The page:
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The Seraphim Rising
Elisabeth DeVos
Penguin/Roc, 298 pages

Seraphim Rising
Elisabeth DeVos Related Links

Elisabeth DeVos' debut novel, The Seraphim Rising, was launched with a lot of fanfare and great reviews. Check out some of the supporting material on her web site.

The Elisabeth DeVos Home Page
A Sample Chapter
A Short Bio

Past Feature Reviews
A review by Wayne MacLaurin

What would you do if six angels descended to Earth and proclaimed Howard Stern to be God?

The results could be more than a little scary. That's sort of the idea behind Elisabeth DeVos' debut novel, The Seraphim Rising. It is the near future and six winged beings have arrived on Earth and proclaimed the coming of the Messiah. However, when He does arrive (on page 32) He takes the form of Harry Chen, a drugged-out virtual-reality cult hero who has gained fame by ridiculing the very messengers who've proclaimed him God.

This revelation is particularly distressful to Carson McCullough, a personal liaison to the Seraphim and an old friend of Harry's. It's this conflict that becomes the center of the novel as Elisabeth DeVos explores the conflicting ideologies that inevitably arise. Religious groups clash with eco-groups who want the funds being used to "prepare" Earth devoted to saving the environment. Governments rumble as countries try to resolve fundamental differences in ideologies and their impact on the acceptance or rejection of the Seraphim. And, of course, paranoid conspiracies are convinced that the Seraphim are the advance wave of an alien invasion.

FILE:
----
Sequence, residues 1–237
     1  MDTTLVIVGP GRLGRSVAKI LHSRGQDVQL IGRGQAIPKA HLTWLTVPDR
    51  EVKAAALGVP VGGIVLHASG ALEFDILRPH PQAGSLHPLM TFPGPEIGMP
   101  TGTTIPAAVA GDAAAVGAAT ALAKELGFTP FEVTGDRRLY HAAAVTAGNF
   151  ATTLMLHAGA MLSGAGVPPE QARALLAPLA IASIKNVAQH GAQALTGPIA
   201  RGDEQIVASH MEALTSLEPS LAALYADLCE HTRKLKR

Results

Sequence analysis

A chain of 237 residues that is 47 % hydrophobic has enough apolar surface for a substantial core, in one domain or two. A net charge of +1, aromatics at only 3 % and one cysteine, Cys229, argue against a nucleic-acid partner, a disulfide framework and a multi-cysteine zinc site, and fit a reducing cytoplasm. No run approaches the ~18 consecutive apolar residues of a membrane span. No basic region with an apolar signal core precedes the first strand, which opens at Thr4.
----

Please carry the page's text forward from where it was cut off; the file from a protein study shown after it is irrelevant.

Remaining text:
But enough about the plot. The novel is pretty good too. DeVos does a great job of capturing the raw excitement of her idea on paper. The novel moves along briskly without glossing over anything, and, in just under three hundred pages, she manages to cram in heaps of action, tons of great dialogue, a lost feminist enclave, several trips through a (literary) virtual world, and still finds space to gradually fill in the background on the coming of the Seraphim. All in all a great book.

Copyright © 1997 by Wayne MacLaurin

Wayne MacLaurin is a regular SF Site reviewer. More of his opinions are available on our Book Reviews pages.


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